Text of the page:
Pushing aside the gatekeepers and making room for diversity will lead to new talent, new plays, new conversations, and new audiences, too. However, this type of work would also involve a diligent effort to build the financial strength to support a diverse theatre company. Many theater companies and arts organizations of color unfortunately have not successfully built the networks and donor bases that are a vital part of a successful arts organization. Because these organizations did properly not invest the time to build the support necessary, these groups are often dependent on grants and government support for their programming. My proposed theatre company will employ all the necessary efforts, through traditional and modern means to build these networks.
To lessen this dependency on grants and government support, my last recommendation would be to would borrow from the film studio model. Though the company is a nonprofit, for-profit models can be an effective means to address this problem. Major Hollywood studios have a financial strategy that lessens their risks. Studios release “Tent poles” that are widely released, big budget, heavily promoted, films that are expected to result in large profits. An example of a tentpole film would be any of the Marvel or DC blockbusters that are released every year. These films are almost guaranteed to bring in large audiences, double or triple their profits, and allow studios to take risk in producing art house films that are less likely to do so. Emerging theatre companies must be ready and willingness to take on and embrace new strategies and methods in an ever changing industry. Brian Newman highlights this in his essay, “Inventing the Future of the Arts: Seven Digital Trends that Present Challenges and Opportunities for Success in the Cultural Sector.” Newman suggests that nonprofits take on what he calls a “with-profit partnership,” he says;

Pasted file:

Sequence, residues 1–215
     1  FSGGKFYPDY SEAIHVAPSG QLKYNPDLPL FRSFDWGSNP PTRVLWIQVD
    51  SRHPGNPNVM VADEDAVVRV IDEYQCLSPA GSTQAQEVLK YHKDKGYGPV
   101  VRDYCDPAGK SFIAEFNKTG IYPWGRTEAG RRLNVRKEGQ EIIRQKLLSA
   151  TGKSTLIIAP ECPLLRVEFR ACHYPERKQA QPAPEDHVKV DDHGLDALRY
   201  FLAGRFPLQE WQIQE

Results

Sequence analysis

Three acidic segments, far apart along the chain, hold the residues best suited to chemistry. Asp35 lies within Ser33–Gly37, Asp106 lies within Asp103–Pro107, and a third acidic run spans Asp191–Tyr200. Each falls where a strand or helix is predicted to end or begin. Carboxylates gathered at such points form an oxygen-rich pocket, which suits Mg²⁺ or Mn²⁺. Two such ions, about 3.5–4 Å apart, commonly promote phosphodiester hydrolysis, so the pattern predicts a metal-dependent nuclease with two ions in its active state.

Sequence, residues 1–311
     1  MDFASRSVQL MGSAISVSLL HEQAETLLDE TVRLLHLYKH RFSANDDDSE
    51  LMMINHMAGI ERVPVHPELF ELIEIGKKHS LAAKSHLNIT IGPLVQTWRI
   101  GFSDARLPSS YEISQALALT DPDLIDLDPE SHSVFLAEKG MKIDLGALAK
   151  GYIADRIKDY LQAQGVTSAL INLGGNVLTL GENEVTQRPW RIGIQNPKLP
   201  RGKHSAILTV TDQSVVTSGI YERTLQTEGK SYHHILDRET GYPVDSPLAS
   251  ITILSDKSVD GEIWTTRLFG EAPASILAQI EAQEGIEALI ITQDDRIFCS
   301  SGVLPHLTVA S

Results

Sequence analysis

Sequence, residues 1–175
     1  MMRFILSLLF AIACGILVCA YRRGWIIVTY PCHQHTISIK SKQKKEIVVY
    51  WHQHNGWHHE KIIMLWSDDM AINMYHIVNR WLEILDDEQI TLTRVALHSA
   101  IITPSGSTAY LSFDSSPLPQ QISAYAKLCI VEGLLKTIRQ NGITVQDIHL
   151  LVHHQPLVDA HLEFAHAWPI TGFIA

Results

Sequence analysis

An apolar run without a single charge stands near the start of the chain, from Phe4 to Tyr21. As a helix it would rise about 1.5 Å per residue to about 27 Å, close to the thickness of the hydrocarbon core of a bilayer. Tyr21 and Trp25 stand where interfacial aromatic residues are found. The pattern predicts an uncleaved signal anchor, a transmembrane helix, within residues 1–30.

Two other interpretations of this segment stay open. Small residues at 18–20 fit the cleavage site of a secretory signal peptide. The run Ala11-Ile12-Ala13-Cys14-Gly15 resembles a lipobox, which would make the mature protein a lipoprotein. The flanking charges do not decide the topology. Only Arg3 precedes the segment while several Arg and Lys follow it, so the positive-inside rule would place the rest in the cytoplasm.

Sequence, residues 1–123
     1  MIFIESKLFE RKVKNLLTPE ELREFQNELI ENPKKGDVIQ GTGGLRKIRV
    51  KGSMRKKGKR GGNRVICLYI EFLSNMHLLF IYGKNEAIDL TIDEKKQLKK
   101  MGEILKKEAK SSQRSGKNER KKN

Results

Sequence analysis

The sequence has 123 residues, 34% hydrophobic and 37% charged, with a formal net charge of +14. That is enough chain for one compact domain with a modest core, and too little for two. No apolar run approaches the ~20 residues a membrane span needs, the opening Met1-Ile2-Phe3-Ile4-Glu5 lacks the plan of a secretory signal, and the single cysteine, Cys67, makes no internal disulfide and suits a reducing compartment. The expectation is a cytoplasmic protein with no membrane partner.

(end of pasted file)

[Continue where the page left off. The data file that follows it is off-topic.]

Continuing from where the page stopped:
A with-profit partnership would allow a nonprofit to continue to serve its underlying mission, and maintain its tax status, while providing a vehicle for exploration of profit-making activities. For-profit partners (or divisions) could bring in investments, explore more robust marketing and program development with other for-profit companies and maintain an eye on the ‘double bottom line' of profits and mission. Such alliances are not uncommon in the health and science sectors and should be considered by arts organizations as well.
This with-profit partnership, could allow for both sectors to profit. Bigger productions could go on to commercial houses and allow for the company to continue to make new work. Newman says “The most famous example might be the Public Theater in New York City, where daring nonprofit productions became a laboratory for Broadway, at times with much success.” We saw this with Hamilton and Fun Home, that the Public still receives profit from.
While predicting the future is difficult, I believe a 21st century theatre company should be at the forefront of trends and help sculpt the decades to come. It should be committed to producing high quality theatre that shares important work, that is accessible to all audiences as well as serve a model to others. Some people believe live theatre is dying, but society needs theatre, more now than ever.